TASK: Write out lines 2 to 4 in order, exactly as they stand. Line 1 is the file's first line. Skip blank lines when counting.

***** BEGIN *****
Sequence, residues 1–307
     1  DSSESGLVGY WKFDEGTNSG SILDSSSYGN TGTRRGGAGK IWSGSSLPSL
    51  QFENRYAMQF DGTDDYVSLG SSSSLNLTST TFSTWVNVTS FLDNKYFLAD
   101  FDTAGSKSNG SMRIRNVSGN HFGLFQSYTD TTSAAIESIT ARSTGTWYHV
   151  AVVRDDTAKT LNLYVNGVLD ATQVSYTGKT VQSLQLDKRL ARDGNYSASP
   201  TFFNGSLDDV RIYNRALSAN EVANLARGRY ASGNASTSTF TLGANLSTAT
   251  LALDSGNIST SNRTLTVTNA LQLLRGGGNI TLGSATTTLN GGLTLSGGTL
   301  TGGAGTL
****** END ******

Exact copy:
     1  DSSESGLVGY WKFDEGTNSG SILDSSSYGN TGTRRGGAGK IWSGSSLPSL
    51  QFENRYAMQF DGTDDYVSLG SSSSLNLTST TFSTWVNVTS FLDNKYFLAD
   101  FDTAGSKSNG SMRIRNVSGN HFGLFQSYTD TTSAAIESIT ARSTGTWYHV